Good news for people who commute via employer-provided CaBi memberships and who report that membership as a taxable fringe benefit (If any such people actually exist).
U.S. Senator Chuck Schumer (D-New York) said Tuesday he’s introducing an amendment to a tax bill that would allow workers who commute via bike-share programs like New York’s Citi Bike to get a tax break; the bill is set to be debated on Thursday. The tax break would let employees biking to work exclude $20 a month from their income for income tax purposes if they have an employer-provided bike-sharing membership.
Though that sum may sound insignificant, the IRS’s current position is that bike-share fees do not count as a commuter fringe benefit—meaning that employers that provide employees with a bike-share benefit can’t exclude its cost from an employee’s gross income, like they can with monthly parking or mass transit costs—or even the cost of storing or buying a bike you ride to work (up to $20 in 2013). What’s more, the IRS said last year that a move of this sort would require legislative action.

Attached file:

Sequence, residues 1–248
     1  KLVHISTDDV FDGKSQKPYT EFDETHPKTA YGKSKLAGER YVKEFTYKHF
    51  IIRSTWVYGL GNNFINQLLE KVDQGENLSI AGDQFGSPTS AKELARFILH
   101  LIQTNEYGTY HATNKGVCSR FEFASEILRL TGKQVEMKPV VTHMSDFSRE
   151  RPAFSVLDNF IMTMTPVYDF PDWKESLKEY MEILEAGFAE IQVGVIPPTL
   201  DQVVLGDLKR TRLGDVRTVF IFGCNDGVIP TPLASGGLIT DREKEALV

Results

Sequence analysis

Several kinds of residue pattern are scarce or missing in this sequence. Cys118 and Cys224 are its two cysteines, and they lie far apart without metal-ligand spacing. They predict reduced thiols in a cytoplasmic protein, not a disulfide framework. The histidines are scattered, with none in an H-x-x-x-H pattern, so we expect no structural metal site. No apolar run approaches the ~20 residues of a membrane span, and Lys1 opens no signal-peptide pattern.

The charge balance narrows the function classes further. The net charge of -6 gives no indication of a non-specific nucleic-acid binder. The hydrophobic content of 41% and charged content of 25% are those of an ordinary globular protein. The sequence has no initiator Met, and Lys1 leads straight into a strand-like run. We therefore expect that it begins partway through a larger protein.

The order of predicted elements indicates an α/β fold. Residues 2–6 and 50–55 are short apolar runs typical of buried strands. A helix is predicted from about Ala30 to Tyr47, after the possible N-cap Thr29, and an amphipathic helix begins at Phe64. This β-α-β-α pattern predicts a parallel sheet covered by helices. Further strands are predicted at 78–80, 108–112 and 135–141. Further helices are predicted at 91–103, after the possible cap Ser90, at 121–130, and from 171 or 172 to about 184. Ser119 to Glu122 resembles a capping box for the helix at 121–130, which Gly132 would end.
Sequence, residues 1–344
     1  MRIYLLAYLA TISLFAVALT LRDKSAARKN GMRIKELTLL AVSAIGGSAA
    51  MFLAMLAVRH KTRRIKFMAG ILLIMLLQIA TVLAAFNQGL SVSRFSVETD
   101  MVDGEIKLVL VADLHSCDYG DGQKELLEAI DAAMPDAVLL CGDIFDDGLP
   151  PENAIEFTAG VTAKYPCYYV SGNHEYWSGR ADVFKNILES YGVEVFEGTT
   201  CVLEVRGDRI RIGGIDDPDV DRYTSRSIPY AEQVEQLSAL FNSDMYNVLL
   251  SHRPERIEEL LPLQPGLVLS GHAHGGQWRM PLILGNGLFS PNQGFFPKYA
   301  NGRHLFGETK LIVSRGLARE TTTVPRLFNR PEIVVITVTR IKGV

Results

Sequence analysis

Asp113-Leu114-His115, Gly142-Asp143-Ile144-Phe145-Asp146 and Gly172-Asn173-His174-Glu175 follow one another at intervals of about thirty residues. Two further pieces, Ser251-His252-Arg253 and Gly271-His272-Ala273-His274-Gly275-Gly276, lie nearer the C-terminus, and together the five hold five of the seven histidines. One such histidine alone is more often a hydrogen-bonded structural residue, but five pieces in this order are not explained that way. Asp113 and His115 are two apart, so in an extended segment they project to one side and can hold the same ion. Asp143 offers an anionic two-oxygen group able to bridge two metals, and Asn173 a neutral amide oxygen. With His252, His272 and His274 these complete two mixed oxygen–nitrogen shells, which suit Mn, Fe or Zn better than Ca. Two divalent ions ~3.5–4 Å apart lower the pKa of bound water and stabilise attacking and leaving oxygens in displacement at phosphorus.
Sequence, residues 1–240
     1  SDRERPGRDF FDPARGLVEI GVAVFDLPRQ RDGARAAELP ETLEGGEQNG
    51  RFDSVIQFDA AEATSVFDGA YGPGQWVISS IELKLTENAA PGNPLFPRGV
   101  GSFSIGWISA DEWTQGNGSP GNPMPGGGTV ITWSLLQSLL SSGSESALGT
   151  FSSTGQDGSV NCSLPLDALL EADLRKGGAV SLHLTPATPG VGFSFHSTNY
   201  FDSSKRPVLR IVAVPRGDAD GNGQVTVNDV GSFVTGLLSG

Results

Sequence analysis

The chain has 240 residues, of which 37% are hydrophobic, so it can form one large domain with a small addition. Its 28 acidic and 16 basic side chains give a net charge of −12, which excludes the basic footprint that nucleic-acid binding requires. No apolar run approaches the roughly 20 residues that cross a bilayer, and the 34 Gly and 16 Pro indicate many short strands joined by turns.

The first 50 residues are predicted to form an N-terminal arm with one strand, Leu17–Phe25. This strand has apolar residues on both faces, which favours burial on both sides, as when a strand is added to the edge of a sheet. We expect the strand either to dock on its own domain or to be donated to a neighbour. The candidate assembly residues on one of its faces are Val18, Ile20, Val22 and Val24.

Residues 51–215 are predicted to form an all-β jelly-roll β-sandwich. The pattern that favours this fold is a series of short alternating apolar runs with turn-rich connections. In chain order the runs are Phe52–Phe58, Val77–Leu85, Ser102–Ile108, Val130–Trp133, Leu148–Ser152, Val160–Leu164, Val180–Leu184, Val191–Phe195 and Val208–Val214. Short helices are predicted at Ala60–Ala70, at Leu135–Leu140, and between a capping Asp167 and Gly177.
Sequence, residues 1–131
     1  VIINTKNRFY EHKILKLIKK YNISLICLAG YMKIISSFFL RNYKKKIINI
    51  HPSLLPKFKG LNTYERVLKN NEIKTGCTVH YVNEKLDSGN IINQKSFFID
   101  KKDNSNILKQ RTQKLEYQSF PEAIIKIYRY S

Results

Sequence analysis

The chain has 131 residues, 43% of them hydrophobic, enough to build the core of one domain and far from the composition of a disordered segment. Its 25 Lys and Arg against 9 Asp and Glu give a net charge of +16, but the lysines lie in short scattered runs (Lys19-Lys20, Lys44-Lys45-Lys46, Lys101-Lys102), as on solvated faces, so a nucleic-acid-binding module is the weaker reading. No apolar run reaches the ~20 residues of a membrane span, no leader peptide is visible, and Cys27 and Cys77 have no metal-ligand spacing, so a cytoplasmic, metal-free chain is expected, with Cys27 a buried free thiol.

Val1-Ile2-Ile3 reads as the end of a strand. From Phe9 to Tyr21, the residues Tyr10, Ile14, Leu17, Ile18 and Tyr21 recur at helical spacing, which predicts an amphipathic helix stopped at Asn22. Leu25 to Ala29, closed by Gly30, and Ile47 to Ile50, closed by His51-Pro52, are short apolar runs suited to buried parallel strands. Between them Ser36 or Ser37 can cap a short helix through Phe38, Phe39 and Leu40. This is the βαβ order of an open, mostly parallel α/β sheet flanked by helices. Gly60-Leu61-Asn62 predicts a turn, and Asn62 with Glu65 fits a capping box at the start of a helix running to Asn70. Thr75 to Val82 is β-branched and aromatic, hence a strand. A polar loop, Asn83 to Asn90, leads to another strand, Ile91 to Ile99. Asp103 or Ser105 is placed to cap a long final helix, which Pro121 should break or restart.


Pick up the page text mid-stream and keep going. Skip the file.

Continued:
It's not clear if these means you can use the bike commuter benefit to pay for a bikeshare membership on your own or if it has to be employer-provided.
While this amendment would certainly delight the thousands of travelers who commute to work via bike-sharing programs, there’s certainly no guarantee it will pass. Indeed, the amendment will be part of a larger “tax extenders” bill that will address renewal of some 50 tax credits and deductions that expired last year. But Schumer seems confident that that this amendment would be part of a “must-pass” senate tax bill that will be debated Thursday.